Established in 1893 by the Carlisle Corporation, Tullie House Museum and Art Gallery is situated in a 17th-century Jacobean building. In 1940 Tullie House received a major bequest of over eight hundred pieces of 18th and 19th-century English porcelain from Robert Hardy Williamson of West Cumbria, forming the bulk of the gallery’s craft collection. Over one hundred works are on permanent display in the Jacobean portion of Tullie House.
The museum was extended in 1990 and then again in 2000. The collection predominantly holds British works dating from 1650 to the present, including local artists W. J. Blacklock, Sheila Fell and Winifred Nicholson. Artists from the 19th-century include Samuel Palmer as well as the Pre-Raphaelites.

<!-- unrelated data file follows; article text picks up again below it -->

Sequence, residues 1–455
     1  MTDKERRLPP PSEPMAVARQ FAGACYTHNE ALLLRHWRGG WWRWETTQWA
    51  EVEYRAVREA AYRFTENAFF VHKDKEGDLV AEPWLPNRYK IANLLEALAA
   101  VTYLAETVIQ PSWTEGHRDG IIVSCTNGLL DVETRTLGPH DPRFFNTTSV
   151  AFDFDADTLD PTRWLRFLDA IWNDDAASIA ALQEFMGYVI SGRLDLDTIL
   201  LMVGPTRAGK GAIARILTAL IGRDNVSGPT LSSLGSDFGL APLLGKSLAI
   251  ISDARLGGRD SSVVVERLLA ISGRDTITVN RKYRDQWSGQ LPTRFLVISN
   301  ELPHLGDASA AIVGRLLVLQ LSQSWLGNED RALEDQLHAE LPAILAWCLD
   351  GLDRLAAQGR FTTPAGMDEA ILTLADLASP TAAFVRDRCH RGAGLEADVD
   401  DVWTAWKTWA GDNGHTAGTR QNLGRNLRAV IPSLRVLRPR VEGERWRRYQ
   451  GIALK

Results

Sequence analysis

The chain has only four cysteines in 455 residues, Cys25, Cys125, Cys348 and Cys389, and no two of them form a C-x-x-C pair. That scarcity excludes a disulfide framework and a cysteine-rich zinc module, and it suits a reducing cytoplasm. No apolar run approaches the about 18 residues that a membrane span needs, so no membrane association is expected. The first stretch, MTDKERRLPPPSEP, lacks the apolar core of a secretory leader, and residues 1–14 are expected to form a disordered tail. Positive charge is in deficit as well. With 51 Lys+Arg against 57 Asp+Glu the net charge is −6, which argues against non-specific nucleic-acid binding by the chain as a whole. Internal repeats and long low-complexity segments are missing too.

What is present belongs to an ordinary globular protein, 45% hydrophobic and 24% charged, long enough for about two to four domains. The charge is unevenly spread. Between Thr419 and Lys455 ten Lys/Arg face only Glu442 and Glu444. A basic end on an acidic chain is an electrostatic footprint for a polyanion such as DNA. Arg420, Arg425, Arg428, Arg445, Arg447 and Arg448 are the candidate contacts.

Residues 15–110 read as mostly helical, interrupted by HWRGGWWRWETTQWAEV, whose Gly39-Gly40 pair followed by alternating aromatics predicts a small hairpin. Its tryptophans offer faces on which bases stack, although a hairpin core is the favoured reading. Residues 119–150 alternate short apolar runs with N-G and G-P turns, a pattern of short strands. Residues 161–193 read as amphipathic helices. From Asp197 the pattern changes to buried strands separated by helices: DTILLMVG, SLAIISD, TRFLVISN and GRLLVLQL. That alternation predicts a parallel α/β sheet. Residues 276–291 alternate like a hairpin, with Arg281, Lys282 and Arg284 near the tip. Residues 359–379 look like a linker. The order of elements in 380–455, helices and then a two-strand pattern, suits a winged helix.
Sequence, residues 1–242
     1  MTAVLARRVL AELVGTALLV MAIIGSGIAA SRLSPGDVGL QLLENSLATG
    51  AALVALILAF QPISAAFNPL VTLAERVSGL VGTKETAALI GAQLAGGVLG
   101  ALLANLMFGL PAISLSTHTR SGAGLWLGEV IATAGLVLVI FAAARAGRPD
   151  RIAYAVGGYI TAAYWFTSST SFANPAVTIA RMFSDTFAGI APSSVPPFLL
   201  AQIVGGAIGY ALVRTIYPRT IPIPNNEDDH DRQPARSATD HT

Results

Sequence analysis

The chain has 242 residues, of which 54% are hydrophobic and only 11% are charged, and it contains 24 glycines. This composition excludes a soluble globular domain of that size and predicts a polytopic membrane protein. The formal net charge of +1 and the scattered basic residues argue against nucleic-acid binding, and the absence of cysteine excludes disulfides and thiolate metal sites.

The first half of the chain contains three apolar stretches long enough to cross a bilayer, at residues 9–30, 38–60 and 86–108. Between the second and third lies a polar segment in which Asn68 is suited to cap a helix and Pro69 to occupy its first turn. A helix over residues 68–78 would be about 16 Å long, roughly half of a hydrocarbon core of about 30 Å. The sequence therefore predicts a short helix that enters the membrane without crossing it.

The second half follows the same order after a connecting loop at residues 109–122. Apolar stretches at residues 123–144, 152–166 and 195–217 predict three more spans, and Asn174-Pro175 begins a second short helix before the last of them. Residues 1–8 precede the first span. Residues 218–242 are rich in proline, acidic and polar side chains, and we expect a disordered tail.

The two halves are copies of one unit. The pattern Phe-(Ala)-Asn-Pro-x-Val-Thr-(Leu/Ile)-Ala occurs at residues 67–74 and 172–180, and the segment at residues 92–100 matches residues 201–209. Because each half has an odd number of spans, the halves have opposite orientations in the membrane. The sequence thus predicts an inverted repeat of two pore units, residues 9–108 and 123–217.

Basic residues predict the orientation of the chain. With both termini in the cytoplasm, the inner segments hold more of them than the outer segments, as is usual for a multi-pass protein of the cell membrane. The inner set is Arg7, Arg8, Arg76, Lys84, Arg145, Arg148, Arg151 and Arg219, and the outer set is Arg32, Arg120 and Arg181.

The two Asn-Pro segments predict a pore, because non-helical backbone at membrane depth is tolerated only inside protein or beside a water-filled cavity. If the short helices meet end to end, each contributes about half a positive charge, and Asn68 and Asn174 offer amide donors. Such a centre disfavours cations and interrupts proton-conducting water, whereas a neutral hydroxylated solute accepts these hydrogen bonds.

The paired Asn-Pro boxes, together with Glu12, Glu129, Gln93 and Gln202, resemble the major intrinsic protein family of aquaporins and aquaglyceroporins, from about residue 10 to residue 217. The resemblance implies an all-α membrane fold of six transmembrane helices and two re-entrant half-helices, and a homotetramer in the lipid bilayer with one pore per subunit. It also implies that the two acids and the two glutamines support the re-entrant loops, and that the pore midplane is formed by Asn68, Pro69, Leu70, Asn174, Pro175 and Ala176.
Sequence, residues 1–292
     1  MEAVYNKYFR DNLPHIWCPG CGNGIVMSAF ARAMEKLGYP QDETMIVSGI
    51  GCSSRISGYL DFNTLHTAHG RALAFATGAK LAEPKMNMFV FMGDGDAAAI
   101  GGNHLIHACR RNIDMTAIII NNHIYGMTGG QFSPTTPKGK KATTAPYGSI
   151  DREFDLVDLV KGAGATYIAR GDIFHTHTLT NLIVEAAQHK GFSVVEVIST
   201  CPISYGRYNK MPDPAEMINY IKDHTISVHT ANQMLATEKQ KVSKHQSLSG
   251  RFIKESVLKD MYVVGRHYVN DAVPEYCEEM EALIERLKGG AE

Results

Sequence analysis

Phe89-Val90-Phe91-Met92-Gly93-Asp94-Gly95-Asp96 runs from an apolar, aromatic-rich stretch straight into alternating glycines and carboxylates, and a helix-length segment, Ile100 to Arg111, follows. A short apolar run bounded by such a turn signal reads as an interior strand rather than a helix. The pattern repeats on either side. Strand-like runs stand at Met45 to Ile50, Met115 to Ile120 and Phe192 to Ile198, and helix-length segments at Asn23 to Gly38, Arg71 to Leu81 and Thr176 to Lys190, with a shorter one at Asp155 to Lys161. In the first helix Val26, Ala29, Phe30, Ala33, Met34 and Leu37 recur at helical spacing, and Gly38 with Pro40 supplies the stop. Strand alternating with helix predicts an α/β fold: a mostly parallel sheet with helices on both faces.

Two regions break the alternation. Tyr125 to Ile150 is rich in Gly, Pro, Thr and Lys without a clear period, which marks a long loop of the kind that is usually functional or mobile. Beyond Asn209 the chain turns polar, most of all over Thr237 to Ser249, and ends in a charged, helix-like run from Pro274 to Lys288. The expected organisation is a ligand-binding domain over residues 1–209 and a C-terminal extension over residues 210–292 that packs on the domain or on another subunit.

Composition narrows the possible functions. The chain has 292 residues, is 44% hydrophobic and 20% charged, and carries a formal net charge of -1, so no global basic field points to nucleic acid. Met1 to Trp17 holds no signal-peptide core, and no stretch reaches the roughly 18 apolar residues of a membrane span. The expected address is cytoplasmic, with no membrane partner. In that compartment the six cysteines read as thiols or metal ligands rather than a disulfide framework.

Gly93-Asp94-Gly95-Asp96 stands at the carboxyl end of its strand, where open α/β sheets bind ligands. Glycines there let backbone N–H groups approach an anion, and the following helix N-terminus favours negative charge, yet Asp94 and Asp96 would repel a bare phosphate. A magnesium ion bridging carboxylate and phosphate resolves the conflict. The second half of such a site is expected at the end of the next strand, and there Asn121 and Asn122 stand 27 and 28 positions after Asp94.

The modern collection was acquired through a purchase scheme (1933-1975) under the guidance of William Rothenstein, Edward Le Bas, Carel Weight and Roger de Grey. Key artists represented include Stanley Spencer, Wyndham Lewis, Vanessa Bell and Lucien Pissarro. There are contemporary works by Conrad Atkinson, Peter Blake, Andy Goldsworthy and the wonderful, recently purchased nature painting by Keith Tyson that hangs amongst the display of the museum's archeology collection. Tulllie House's rural surroundings of the Lake District have made landscape a key feature of the collection, and an area the curators are keen to focus on.